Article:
New York Times Highlights Rijeka’s Quest to Restore Tito’s ‘Galeb’

Daniela Rogulj

The New York Times shines the spotlight on Tito’s ‘Galeb’ and Rijeka’s quest for its restoration. 

The city of Rijeka is currently in the midst of a transformation from an industrial hub to artistic center. Namely, the city wants to position itself as a European “capital of culture”, and with this idea in mind, a series of projects are underway.

To become a European “capital of culture”, Rijeka is eager to use around EUR 20 million to transform the city’s deteriorating infrastructure, and with an additional EUR 30 million, they plan to fund a yearlong cultural revitalization of the city, reports Jutarnji List on November 26, 2017.

Barbara Surk of the New York Times writes on November 25, 2017, that the most critical part of transforming Rijeka’s image has to do with restoring the ‘Galeb’, an almost 80-year-old ship belonging to Josip Broz Tito. The former pride of the Yugoslav Navy has been sitting in the port of Rijeka for many years. 

However, Tito’s legacy is still slammed by political actors in Croatia, leaving those whose dream of restoring the Galeb into a museum as a paramount part of Rijeka’s history, uncertain. 

It is Croatia’s far-right that is against this project and, as the New York Times writes, they are “determined to bury Tito’s Communist history and revive the narrative of the country’s Nazi-allied regime during  World War II.”

The New York Times continues:

“Feared and revered in his day, Tito is described by some as a hero of the anti-fascist struggle who kept Yugoslavia’s six republics, including Croatia, together for more than 35 years. Others call him a Communist dictator who purged his enemies.”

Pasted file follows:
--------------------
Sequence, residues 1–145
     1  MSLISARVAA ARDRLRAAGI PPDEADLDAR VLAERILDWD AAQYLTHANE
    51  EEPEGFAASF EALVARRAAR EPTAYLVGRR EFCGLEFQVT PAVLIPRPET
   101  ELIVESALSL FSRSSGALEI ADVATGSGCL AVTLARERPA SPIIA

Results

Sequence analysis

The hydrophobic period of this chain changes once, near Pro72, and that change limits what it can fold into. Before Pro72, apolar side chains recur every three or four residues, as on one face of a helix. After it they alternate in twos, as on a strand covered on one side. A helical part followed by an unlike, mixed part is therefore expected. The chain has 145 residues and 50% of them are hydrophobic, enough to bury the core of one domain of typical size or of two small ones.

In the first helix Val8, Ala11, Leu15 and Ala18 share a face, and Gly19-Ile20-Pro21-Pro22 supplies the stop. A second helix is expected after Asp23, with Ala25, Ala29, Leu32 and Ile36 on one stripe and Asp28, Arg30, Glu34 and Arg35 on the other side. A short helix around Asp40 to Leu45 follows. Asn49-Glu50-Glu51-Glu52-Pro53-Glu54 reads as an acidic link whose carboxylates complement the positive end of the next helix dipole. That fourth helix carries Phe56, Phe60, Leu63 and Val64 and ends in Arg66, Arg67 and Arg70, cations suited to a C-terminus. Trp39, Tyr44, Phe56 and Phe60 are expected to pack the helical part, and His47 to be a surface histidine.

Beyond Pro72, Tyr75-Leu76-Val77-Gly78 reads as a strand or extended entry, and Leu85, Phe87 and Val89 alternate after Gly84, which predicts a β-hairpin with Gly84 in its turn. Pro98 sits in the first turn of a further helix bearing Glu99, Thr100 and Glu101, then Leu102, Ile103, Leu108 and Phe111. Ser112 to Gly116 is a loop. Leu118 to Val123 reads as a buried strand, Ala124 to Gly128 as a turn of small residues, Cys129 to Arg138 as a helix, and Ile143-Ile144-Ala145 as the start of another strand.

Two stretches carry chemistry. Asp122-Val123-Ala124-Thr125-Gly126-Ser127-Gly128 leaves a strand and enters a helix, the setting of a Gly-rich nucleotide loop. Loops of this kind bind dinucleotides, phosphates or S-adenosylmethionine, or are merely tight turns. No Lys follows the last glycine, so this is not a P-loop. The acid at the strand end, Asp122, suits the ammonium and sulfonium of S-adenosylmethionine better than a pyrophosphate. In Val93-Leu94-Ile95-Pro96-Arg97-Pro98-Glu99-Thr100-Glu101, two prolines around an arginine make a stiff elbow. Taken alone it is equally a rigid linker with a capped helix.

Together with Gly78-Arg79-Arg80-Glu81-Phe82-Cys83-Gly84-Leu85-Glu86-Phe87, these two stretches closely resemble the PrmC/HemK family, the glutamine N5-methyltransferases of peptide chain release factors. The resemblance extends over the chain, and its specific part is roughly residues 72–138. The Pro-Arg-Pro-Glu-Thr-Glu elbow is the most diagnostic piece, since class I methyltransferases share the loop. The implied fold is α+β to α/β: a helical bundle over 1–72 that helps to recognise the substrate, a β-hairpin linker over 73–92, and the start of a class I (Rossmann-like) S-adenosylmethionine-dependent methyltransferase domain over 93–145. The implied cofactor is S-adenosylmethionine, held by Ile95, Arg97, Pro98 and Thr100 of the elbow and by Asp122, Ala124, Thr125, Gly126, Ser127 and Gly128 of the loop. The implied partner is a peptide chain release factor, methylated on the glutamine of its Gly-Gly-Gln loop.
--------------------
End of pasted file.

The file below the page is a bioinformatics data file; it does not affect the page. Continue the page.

The ‘Galeb’ was built in 1938 in Genoa, Italy. Tito used it as a “floating residency, a Yugoslav embassy and a party boat”, and world leaders and Hollywood stars including Elizabeth Taylor and Richard Burton are said to have attended the many soirees hosted on the ship.

With the Galeb, Tito, as the President of Yugoslavia, traveled to four continents through 49 voyages, and in 1953, he became the first communist leader to visit Winston Churchill after the Second World War.

“The boat was also the incubator for a Tito idea: the Nonaligned Movement, a bloc of countries outside the spheres of influence of the United States and the Soviet Union during the Cold War,” writes the New York Times.

Liberal politicians, as the NYT states, want to point to Tito’s connection with Rijeka and its surroundings through the restoration of the Galeb, but far-right politicians associate Tito’s name with the repressive apparatus of Yugoslavia, which violently broke up after his death in 1980. 

In the article, the New York Times even draws a parallel between Zlatko Hasanbegović’s efforts to clear Tito’s name from textbooks with the debate around Confederate statues in the United States. 

Of course, not everyone agrees with the nationalist ideas propagated by the Croatian right, and Surk gathered quotes from Rijeka’s citizens to find what they believed life to be under Tito. 

Zlatko Marencic, a 60-year-old worker in the shipping industry, said: 

“Everything was better in Yugoslavia when the old man was running the country. Some say he was a dictator and it was a time of darkness. I say it was the time of peace.”

A political journalist from the oldest Croatian daily newspaper published in Rijeka, Novi List, was also among those interviewed. 

“In 25 years of democratic nation states that have risen from the ashes of socialist Yugoslavia, none of their leaders have come close to matching Tito’s achievements,” explained Denis Romac.

Despite the efforts of Zlatko Hasanbegović and other far-right politicians, the Galeb should see the spotlight and eventually will become a part of the City Museum of Rijeka. 

“It’s not our aim to establish a museum of idolatry,” said Vojko Obersnel, the mayor of Rijeka, for the New York Times. “Although Tito made mistakes, he is an important historical figure, deeply connected to our city.”

You can read the full article in the New York Times


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